After a tough 2017, blueberry growers face a shaky start



ELLSWORTH — Blueberry production and values declined in 2017, and the coming season is not all that promising.

According to a U.S. Department of Agriculture report, total production in 2017 dropped 33 percent from 2016 to 67.8 million pounds. Prices for processed berries declined slightly, from 27 cents per pound to 25 cents.

The production value in dollars from the 2017 harvest was $17.6 million, down 37 percent from the previous year.

“Weather during the [2017] pollination season was cold, wet and windy,” said David Yarborough, a wild blueberry specialist with the University of Maine Cooperative Extension.

In addition to the weather, Yarborough pointed to a shortage of pollination and the presence of Mummy Berry disease as contributing factors to the decline in production. Mummy Berry is a fungal pathogen that kills blueberries, turning them into shriveled, hard shells. It appeared across Hancock and Washington counties last year.

The number of acres harvested declined to 17,000, down from 23,100 in 2016. Much of this was deliberate. Many growers withheld production in response to an overall glut in the market.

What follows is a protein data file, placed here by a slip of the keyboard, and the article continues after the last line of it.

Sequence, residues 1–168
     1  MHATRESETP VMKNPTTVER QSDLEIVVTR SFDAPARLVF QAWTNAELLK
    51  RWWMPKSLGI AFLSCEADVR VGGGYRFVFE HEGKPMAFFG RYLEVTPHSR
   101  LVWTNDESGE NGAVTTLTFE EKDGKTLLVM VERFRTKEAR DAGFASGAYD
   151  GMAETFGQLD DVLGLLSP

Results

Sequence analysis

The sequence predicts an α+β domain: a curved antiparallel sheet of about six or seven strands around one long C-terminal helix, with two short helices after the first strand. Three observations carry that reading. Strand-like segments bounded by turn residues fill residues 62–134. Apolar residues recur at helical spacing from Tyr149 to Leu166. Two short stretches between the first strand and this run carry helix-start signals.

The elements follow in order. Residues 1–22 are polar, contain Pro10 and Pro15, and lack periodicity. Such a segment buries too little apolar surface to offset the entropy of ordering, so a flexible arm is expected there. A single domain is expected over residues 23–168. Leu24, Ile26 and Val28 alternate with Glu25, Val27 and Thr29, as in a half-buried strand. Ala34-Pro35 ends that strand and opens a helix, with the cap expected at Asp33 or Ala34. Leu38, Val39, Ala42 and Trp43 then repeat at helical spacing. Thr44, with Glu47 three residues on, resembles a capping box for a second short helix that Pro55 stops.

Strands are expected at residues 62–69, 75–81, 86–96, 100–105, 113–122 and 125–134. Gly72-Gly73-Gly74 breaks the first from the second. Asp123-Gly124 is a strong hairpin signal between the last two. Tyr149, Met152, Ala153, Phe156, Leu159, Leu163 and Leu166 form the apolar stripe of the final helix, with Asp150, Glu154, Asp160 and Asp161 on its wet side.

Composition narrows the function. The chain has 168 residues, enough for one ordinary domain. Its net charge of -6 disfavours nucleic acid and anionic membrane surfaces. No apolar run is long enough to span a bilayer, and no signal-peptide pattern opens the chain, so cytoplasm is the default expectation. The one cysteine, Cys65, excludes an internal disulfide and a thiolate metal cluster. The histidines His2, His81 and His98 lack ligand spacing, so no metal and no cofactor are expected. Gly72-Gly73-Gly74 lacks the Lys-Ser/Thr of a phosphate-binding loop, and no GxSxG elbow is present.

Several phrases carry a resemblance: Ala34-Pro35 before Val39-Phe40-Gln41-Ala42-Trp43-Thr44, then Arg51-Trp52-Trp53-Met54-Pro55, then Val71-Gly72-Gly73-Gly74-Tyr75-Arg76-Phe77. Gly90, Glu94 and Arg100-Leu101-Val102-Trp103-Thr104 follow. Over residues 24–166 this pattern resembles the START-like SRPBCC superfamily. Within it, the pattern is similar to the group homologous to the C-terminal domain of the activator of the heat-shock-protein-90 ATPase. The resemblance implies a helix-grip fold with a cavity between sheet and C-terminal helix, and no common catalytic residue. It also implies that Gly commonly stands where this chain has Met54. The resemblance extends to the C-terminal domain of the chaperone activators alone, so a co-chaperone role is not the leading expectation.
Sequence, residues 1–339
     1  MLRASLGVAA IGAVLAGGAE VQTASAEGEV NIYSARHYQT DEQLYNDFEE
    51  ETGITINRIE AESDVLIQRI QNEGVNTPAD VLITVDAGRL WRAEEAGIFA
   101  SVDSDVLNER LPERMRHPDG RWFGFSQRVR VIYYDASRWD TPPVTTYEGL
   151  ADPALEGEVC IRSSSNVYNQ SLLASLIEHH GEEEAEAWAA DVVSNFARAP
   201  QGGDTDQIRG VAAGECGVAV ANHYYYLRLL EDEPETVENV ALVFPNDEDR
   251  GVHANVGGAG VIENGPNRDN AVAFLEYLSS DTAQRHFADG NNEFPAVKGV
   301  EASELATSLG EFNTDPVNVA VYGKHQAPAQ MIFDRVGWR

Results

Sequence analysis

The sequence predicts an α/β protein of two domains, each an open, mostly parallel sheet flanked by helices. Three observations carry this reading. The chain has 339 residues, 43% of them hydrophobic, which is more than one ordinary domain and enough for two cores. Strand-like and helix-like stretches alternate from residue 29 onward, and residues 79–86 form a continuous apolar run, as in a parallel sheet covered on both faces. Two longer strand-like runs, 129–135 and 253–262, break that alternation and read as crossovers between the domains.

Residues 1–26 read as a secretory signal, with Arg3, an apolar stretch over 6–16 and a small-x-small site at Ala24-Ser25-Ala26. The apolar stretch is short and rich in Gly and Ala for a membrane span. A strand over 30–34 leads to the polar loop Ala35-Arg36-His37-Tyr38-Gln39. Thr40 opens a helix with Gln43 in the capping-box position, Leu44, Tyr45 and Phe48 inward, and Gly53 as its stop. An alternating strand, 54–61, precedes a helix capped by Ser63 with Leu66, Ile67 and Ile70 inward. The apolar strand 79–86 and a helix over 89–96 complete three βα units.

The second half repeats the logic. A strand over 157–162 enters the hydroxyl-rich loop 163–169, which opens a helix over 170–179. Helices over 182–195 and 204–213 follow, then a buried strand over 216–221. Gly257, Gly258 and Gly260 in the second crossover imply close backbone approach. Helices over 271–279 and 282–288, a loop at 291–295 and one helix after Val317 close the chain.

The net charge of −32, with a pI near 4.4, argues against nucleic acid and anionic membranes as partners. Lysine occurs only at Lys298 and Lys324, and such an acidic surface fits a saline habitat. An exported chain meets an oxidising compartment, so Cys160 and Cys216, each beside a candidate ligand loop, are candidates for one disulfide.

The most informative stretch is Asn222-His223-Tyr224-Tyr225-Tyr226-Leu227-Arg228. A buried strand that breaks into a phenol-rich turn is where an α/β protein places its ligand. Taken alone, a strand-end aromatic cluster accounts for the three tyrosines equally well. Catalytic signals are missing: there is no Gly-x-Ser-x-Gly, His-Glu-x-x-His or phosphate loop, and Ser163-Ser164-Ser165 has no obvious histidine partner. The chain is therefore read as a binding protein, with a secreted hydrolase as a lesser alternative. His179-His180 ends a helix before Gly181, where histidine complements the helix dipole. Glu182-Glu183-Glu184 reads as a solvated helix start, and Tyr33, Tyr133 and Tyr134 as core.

“Good years gave us too many berries,” Yarborough said.

Total production of blueberries in Maine hovered around 100 million pounds from 2014 to 2016. But with competition from Canadian wild blueberry growers, supply began to exceed demand and prices overall were depressed.

This summer, some 38,000 beehives were set up in the state, up from 27,000 last year. The effectiveness of that boost in pollination efforts is yet to be seen. With the 2018 harvesting season about to begin, Yarborough said production may still be down.

“There was a big frost in Nova Scotia, and in some of the northern townships in Maine,” he said. “We have to see how many of those acres can be salvaged.”

Maxwell Hauptman

Maxwell Hauptman

Reporter at The Ellsworth American
Maxwell Hauptman has been reporting for The Ellsworth American since 2018. He covers eastern Hancock and western Washington counties and welcomes story tips and ideas. He can be reached at [email protected]
Maxwell Hauptman

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